In reality, the necessity of food and clothing are not the prime problems. Countries that have sufficient food and clothing and immense wealth also cannot avoid problems. They do not have less problems and suffering. Presently America is the most prosperous country. But if we analyse America a little closer, you will find that those who are famous as the wealthiest amongst them, that are immersed in all sorts of worldly enjoyment, have the highest record of suicide amongst all the countries of the world.
Therefore it needs to be seen where the fault lies. It makes no sense for a person who is completely bereft of food to hope for food, or for one who is ultimately bereft of peace to hope for peace. Similarly, expecting solutions to problems from living entities who are always bogged down by problems is also futile. But the solutions to all problems have been given by the all-knowing Bhagavān Vedavyāsa through the medium of the sun-like purāṇa the Śrīmad Bhāgavata and the Śrīmad Bhagavad-gītā which occupy the highest positions in saintly conclusions. Śrīmad Bhagavad-gītā and Śrīmad Bhāgavata have manifested to provide solutions to the most serious problems ever faced.
From the words of Mahātmā Bhīṣma we come to know that the great warrior Arjuna had the power to defeat a whole army of eighteen akṣauhiṇīs (horse battalions) in a moment—yet in spite of his being so immensely powerful and being capable of creating such massive destruction, he was perplexed in solving the problems that he faced. At that time Śrīmad Bhagavad-gītā appeared.
On the other hand, when we see the position of one who was worshipped as the undisputed sovereign controlling the destiny of all his subjects—when he understood that he had been given seven days notice that he would depart from this world then one can imagine the grave problem confronting him. You will see that his problem far surpasses all other problems commonly faced by us. At that time, that which manifest to give him proper guidance was the Śrīmad Bhāgavata—that which eradicates sorrow, illusion and fear (śoka-moha-bhayāpahā).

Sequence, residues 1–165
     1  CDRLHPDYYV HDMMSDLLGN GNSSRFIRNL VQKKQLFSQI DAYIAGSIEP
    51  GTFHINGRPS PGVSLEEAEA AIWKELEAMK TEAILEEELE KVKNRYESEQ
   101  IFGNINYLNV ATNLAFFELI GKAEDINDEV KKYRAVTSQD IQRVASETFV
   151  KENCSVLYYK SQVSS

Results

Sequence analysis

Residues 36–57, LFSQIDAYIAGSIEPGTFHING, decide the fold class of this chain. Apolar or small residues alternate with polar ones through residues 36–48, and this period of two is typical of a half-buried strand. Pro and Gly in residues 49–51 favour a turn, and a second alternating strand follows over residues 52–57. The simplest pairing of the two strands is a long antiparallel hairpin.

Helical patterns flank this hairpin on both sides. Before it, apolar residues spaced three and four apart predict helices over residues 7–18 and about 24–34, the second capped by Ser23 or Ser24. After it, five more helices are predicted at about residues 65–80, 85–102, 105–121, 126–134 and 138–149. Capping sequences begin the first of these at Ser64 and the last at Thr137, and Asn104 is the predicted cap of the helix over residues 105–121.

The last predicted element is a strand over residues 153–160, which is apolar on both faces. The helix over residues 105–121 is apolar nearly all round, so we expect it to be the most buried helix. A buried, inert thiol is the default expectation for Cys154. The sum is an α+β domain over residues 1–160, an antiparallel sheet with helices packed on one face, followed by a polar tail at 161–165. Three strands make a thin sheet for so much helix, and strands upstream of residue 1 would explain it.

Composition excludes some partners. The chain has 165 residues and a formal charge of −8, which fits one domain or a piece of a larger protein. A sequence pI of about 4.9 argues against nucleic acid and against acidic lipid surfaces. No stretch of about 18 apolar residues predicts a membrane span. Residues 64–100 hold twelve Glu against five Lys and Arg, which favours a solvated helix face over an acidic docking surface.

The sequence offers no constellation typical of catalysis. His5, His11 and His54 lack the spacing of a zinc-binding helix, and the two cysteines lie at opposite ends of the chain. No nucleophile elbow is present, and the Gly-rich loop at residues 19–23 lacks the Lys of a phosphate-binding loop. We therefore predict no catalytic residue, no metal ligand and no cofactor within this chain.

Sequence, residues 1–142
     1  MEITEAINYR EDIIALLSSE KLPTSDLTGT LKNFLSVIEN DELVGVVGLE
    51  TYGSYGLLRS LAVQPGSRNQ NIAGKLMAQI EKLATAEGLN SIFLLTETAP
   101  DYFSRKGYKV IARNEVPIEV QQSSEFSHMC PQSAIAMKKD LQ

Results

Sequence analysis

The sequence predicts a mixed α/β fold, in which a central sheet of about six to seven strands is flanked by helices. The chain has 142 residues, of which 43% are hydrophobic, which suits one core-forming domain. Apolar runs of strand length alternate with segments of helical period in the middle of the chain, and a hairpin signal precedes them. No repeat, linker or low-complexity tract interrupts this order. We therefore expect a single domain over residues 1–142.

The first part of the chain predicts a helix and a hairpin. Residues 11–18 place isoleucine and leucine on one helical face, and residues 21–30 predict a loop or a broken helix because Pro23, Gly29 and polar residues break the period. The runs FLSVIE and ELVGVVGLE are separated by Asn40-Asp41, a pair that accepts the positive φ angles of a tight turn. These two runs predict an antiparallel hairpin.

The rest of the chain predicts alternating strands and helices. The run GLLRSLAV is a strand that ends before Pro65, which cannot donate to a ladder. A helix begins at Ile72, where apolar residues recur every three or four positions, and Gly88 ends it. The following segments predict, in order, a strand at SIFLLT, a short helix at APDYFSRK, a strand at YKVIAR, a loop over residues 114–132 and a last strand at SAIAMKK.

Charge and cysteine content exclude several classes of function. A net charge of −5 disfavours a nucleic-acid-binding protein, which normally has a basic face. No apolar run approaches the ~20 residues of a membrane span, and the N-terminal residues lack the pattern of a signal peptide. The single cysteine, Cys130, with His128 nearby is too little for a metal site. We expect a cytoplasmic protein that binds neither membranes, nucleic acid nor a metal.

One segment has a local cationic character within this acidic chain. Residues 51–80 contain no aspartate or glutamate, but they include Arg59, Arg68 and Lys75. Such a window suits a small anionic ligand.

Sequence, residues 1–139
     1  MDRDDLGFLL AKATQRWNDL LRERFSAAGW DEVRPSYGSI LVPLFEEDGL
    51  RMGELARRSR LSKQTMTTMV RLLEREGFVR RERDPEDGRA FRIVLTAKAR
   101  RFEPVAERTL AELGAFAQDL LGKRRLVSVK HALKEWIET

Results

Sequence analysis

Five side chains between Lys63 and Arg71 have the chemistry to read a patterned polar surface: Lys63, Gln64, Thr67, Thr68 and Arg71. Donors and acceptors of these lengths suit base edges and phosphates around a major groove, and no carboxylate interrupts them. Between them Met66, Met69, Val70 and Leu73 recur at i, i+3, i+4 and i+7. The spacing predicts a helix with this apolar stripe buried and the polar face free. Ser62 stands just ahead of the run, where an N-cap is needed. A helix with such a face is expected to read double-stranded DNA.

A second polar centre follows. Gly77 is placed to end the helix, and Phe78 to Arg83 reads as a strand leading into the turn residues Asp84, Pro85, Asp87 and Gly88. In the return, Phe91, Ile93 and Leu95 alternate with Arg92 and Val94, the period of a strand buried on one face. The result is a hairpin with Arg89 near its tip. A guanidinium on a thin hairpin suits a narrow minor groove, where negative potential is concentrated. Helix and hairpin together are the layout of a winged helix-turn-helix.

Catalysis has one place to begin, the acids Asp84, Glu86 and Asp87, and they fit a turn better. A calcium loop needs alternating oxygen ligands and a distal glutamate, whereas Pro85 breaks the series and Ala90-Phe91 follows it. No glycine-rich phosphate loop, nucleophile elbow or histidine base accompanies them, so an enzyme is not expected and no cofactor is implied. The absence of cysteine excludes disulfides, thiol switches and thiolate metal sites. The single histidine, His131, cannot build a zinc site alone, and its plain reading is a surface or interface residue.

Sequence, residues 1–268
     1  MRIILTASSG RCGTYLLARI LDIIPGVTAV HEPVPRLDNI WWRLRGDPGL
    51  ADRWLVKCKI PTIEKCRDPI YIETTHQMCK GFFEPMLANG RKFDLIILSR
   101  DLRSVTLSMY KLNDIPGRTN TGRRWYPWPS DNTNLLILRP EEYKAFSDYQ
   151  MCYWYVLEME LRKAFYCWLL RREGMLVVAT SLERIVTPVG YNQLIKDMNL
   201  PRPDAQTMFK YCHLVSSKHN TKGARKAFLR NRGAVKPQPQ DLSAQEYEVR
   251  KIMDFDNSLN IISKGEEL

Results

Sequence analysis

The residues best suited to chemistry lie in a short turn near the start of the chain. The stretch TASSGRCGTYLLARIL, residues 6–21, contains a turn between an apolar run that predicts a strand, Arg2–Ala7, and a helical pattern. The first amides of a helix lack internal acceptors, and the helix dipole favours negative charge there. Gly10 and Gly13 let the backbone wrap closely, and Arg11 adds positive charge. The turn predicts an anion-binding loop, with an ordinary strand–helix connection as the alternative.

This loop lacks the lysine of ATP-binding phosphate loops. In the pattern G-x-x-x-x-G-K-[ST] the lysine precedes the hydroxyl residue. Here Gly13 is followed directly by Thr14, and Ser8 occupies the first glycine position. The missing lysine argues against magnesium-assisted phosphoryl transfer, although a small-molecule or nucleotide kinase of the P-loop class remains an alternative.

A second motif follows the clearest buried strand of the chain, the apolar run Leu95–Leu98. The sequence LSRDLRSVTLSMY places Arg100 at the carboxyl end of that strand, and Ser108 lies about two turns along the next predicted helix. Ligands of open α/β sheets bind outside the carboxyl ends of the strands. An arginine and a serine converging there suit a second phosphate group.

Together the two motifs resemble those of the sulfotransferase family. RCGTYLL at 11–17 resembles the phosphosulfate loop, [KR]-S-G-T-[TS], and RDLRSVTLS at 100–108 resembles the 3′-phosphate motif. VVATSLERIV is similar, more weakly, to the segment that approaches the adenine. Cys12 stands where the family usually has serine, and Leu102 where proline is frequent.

Śrīmad Bhāgavata or Bhagavad-gītā have not cultured any sectarian concept. In a universal manner they have given us solutions. Even if we are enamoured by all kinds of problems, they have given us the thing that can give us real peace. For this reason these two suns are shining brightly in all countries for all times in their full splendour.
Take the case of Śrīmad Bhāgavata—when Parīkṣit Mahārāj was deeply concerned about the dilemma he was in after hearing various opinions from great men and sages, at that moment, by divine providence, Śukadeva arrived. The enquiry of Parīkṣit is not that of any particular group or class of people—it is not even confined to the human species—it is relevant to all conscious living beings. At that final moment he only had one question—what activity within this very short phase of time can lead to attaining supreme auspiciousness and transcendental peace? In what way is it possible to obtain the greatest benefit?
Parīkṣit was affected by this problem—the giver of the solution was Śukadeva. One is in an extreme crisis and the other is the solution-giver at that extremely critical situation. On this point there are similar comparative narrations in the Śrīmad Bhāgavata which you can understand in more detail.